“But continuing to play with fire, tit for tat and all of that, is not helpful because we are a hair trigger away from an escalation. I mean, any day there can be a strike that goes wrong beyond the normally accepted, currently accepted type of trading fire between the two parties. 

“And such a situation can lead to a very fast escalation that may draw even regional powers into the equation. And I think that nobody wants that, really.”

Even if the region is spared a major war, Lebanon still has to contend with a broken economy, rampant corruption, shattered infrastructure, mass unemployment, extreme poverty, and a generation of young people who have fled abroad.

If he becomes president, how would Hayek go about untangling such a colossal mess?




Asked during his appearance on Frankly Speaking whether a full-scale war can be averted, sparing Lebanon a devastating Israeli invasion it can ill afford to fight, Hayek said he was hopeful “cooler heads will eventually prevail.”  (AN Photo)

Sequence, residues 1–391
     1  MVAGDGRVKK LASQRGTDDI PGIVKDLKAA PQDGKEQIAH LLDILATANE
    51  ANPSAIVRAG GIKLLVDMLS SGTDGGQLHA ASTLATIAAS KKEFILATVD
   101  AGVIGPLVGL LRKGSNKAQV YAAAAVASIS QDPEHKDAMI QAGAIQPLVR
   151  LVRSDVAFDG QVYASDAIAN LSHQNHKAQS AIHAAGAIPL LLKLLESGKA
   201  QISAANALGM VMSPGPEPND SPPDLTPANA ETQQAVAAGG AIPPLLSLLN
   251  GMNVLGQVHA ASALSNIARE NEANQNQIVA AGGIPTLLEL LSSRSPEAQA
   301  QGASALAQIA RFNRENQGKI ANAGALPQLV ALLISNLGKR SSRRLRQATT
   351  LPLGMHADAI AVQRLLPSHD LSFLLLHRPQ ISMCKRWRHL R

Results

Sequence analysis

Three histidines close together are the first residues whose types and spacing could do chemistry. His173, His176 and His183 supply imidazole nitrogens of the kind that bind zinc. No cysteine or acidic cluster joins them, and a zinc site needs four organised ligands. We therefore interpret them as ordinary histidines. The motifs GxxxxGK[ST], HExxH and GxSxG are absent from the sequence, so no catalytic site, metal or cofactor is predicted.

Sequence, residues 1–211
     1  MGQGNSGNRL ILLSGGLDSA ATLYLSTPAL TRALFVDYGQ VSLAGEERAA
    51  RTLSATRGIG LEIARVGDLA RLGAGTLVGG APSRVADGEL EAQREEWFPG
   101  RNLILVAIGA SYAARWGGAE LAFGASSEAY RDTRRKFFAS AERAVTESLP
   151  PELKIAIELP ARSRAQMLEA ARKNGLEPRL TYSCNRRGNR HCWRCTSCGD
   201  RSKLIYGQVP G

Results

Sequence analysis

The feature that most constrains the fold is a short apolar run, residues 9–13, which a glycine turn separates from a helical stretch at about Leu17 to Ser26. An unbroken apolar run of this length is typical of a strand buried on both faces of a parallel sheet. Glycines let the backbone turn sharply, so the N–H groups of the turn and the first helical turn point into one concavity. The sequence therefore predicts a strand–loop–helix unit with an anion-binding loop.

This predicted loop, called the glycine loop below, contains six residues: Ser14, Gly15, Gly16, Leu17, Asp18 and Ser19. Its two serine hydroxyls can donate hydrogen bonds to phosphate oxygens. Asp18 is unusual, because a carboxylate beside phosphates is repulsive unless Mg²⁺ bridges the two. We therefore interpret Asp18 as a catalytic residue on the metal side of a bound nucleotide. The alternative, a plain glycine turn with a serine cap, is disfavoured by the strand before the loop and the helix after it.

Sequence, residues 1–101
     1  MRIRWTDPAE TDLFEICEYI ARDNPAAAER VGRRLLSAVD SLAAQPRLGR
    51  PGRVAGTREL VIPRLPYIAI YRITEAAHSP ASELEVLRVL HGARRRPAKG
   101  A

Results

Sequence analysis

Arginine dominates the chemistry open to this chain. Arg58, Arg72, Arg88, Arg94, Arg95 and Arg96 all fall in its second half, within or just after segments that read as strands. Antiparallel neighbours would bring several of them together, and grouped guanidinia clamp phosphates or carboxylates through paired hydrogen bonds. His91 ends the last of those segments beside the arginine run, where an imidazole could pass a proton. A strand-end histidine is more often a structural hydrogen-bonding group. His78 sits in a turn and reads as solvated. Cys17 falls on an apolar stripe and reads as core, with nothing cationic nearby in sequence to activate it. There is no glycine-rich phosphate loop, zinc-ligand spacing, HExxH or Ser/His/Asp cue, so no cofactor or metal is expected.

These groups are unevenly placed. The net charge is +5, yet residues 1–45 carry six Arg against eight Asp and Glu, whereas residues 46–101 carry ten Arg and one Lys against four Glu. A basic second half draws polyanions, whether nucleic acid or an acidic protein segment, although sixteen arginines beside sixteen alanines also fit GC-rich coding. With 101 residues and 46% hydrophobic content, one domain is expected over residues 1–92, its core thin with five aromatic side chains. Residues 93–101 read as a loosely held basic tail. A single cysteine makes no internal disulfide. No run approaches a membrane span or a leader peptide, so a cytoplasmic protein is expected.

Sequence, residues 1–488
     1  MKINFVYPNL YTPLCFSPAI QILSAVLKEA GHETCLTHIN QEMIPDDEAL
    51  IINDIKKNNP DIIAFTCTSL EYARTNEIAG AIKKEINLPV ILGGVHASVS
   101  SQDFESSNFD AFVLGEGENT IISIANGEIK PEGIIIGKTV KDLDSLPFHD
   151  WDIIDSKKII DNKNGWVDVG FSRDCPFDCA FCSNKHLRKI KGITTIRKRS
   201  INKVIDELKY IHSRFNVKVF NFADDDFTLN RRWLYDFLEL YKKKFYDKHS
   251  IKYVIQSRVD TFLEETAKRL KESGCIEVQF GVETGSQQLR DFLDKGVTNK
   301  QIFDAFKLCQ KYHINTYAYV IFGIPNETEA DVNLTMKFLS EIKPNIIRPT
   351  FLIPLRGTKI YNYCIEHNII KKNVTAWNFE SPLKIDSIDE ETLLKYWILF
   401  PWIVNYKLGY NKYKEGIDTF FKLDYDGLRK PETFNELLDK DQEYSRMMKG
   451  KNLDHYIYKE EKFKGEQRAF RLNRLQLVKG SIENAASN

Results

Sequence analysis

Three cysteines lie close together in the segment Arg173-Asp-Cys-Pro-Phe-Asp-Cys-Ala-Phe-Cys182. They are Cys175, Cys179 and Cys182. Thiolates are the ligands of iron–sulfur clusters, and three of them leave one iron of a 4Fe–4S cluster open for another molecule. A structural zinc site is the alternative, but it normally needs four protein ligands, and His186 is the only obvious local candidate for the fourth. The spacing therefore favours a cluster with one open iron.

“I have presented a plan specifically for Lebanon to get out of its financial crisis,” he said. “It is built on converting the bank deposits into tradeable CDs (certificates of deposit) on the Beirut Stock Exchange to enable the capital markets to come back to life again. 

“It involves using some of the gold reserves to create funds for social development and for economic development. It includes regaining the ability of the government not to raise taxes but to collect taxes in order to pay for the services it needs to deliver to the Lebanese public. So I do have some ideas. 

“I think that the International Monetary Fund’s approval is very important because we do need the seal of approval of the IMF to regain the confidence of investors. But I think there are many ways to discuss with the IMF what could be acceptable to them as well as taking the Lebanese reality into consideration.”

Hayek also wants to see Lebanon revive its economic ties with the Gulf Cooperation Council bloc, allowing Lebanese companies to prosper from investment opportunities, in particular Saudi Arabia’s Vision 2030 agenda.